Dealing with Refugees: WB offers to help Dhaka
The World Bank is ready to lend a helping hand to Bangladesh in dealing with Rohingyas who have recently entered the country in huge numbers putting pressure on its economy and social structure.
It has allocated $2 billion for those seeking refuge in different corners of the globe in the first-ever move of such kind, of which any nation can get a maximum share of $400 million.
The WB already communicated the fund's availability to the government that will now decide whether to ask for the financial assistance upon considering the conditions attached to it.
A finance ministry official said that if the disaster management ministry or home ministry comes up with a proposal, they will forward it to the WB.
Shah Kamal, secretary to the disaster management and relief ministry, told The Daily Star that they had already contacted the WB and asked it to clarify what mode of assistance it will be; if it is grant the government will take it, but if it is loan the ministry will have reservation about accepting this.
In a document the WB said, “The purpose of the fund is to help refugee host communities to mitigate shocks, facilitate sustainable solutions, and strengthen preparedness.”
To get the financial assistance, IDA countries meaning those who get loans from the International Development Association, WB's concessionary arm, must host more than 25,000 refugees or more than 0.1 percent of the population, have adequate refugee protection framework and action plans.
In case programmes target only refugees, 100 percent grant can be considered case by case. But if they involve peripheral issues as well, a small portion of the fund will be given in loan.
As per the purpose outlined by the WB, the fund for refugees would support projects in host countries that focus on the medium to longer term developmental needs of refugees and host communities, not humanitarian needs that are the mandate of other organisations.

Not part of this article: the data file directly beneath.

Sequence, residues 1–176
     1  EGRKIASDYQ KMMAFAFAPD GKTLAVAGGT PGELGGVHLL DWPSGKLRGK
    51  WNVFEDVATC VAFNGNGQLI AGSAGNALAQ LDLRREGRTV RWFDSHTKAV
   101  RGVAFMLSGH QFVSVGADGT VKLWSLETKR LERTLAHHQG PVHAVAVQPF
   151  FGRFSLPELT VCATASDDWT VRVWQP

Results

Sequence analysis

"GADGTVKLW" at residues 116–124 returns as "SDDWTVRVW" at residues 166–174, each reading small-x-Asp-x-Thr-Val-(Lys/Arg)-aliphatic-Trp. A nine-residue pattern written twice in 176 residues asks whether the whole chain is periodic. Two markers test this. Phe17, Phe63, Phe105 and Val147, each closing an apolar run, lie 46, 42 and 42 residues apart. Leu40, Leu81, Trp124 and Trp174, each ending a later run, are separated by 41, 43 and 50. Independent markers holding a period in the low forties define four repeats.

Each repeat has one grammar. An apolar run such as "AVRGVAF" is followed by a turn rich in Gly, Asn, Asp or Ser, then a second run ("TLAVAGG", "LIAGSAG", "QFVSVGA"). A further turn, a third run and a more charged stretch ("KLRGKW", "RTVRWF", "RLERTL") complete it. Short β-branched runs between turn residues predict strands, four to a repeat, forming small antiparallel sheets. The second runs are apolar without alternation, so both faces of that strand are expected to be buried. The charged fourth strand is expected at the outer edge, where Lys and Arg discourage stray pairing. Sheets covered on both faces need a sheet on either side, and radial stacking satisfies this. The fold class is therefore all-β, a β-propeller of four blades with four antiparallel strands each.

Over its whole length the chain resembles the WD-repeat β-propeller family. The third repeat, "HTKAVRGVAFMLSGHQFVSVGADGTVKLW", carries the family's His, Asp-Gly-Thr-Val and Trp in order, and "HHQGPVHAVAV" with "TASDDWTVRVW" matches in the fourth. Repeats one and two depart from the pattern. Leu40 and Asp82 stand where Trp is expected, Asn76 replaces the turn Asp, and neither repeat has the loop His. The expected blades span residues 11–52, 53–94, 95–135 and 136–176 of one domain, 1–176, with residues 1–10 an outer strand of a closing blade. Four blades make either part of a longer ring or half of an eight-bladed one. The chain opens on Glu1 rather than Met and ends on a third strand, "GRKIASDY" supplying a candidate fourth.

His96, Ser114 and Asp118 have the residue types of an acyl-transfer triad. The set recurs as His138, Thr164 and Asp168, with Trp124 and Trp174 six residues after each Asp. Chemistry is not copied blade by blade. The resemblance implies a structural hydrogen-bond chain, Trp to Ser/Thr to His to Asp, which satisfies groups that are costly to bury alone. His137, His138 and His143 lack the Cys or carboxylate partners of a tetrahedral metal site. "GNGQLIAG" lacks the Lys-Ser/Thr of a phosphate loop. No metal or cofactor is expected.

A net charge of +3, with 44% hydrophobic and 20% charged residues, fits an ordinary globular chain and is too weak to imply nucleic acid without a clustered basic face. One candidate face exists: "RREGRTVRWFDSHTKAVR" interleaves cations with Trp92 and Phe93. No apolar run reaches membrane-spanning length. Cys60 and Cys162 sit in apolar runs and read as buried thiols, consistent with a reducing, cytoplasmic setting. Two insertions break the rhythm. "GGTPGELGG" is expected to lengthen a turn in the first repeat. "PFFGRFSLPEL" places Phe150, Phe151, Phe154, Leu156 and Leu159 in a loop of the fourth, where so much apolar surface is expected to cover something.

Priority initiatives would include projects that promote refugees' welfare and inclusion in the host country's socio-economic structures.
The fund will also support legal solutions and policy reforms with regard to refugees, for example, freedom of their movement, formal labour force participation, identification documents and residency permits.
It will help ensure refugees' and host communities' access to quality services and basic infrastructure, support the host population whose livelihood is negatively affected by the refugees' presence, and support policy dialogue and activities to ensure refugees return to their country of origin.
The fund is also intended to strengthen the government finances that have been strained for expenditures related to hosting responsibilities.
About 34,000 officially registered Rohingya refugees are staying in Bangladesh. Besides, after the recent crackdown on the Rohingya community in Myanmar's Rakhine state by its army, as many as 3 lakh Rohingyas have entered Bangladesh.
The number of Rohingyas -- registered and otherwise -- living in the country has reached 7 lakh. The government has already allocated 2,000 acres of land in Cox's Bazar for Rohingya camps. It has also taken steps for the refugees' biometric registration.